The second mini-talk I gave was twofold in itself: I discussed Cisco’s journey from the Verbs API to the Libfabric API, and discussed how well Libfabric plays inside the Open MPI implementation.
I gave two mini-talks during my speaking slot, the first of which was entitled: Crazy ideas about revamping MPI_INIT and MPI_FINALIZE.
His library aims to make a simple-to-use library that exploits the features available in modern C++ compliers — it’s not a simple 1:1 mapping of C-to-C++ bindings like the MPI 2.x C++ bindings were.
Similar to previous versions of the standard, the MPI-3.1 standard is now available in hardcover.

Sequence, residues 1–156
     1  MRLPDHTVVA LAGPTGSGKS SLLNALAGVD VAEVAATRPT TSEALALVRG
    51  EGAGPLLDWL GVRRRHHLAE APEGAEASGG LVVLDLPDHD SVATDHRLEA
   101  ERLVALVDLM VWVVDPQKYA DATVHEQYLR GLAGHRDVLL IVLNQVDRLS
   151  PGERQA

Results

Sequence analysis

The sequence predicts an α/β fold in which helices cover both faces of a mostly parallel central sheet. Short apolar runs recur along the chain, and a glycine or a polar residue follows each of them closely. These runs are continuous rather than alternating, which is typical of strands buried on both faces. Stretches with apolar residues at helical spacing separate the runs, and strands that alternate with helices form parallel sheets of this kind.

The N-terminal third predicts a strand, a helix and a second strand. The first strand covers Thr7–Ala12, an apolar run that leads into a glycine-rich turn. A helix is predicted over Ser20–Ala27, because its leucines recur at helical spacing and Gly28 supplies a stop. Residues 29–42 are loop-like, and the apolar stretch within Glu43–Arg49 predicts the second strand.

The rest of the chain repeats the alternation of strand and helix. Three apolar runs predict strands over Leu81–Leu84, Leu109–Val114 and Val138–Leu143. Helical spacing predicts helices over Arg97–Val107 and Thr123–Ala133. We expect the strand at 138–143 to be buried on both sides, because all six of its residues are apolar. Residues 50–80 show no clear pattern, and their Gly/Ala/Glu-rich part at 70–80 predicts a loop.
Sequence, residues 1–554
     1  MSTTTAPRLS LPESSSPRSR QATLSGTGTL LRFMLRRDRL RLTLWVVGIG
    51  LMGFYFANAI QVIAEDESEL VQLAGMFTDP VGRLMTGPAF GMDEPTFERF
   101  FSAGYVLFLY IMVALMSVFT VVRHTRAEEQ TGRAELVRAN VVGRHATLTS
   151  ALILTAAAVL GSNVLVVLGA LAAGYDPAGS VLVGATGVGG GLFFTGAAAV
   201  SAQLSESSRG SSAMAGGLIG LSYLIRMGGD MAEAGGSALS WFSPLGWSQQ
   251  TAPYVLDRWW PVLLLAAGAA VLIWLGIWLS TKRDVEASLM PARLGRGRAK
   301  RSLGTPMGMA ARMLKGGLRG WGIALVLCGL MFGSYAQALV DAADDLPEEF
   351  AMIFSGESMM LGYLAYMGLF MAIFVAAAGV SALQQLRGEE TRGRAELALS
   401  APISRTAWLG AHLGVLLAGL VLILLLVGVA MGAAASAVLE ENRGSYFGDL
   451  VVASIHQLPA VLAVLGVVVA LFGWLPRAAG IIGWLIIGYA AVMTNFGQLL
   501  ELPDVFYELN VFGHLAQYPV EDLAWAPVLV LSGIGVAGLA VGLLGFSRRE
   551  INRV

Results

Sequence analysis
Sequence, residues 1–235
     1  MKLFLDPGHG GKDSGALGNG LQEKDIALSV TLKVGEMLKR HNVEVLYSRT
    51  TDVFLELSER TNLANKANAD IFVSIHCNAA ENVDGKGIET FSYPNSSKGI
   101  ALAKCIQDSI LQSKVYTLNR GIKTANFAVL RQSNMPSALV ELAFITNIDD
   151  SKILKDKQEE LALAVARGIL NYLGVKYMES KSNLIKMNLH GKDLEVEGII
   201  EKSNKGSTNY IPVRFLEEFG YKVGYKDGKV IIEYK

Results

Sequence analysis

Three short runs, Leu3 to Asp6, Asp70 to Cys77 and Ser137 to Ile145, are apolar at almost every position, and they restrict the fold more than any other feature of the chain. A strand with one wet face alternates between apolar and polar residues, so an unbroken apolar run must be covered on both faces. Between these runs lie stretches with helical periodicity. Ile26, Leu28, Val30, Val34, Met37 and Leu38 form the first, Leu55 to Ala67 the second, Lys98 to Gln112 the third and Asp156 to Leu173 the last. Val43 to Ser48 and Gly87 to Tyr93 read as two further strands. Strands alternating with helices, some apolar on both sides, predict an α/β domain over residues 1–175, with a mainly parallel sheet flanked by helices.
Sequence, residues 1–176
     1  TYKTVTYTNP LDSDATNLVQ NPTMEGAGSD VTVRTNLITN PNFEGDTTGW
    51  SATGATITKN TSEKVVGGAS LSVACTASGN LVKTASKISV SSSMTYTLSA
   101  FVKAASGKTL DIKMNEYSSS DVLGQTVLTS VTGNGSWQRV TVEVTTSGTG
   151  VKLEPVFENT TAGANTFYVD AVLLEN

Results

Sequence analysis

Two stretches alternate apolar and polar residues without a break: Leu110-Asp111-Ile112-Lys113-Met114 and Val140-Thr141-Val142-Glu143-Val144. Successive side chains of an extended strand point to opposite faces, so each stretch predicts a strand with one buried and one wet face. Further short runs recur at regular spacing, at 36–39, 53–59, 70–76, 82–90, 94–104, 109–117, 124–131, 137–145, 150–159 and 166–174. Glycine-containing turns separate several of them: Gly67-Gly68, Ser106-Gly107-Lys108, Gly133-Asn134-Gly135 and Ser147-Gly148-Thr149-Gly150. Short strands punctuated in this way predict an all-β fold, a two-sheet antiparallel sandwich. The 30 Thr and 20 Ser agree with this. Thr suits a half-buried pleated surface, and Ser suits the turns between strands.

Even though I have a copy of the MPI-3.1 PDF for quick/easy reference on my laptop, I find something intangibly inherently useful (and comforting?) in having a paper copy of the standard to thumb through.
The books have been (literally) spanning the color spectrum:
- MPI 2.1: hardcover was yellow
- MPI 2.2: hardcover was orange
- MPI 3.0: hardcover was green
- MPI 3.1: hardcover is blue
Libfabric is the next-generation Linux library being developed by an open source consortium of vendors and academic researchers that implements the OpenFabrics Interfaces, specifically designed to expose application-focused networking functionality to high performance applications (e.g., MPI, PGAS, SHMEM, datacenter applications, etc.).
I’ve described libfabric in a few prior blog entires, and how we actively support Cisco usNIC functionality in libfabric.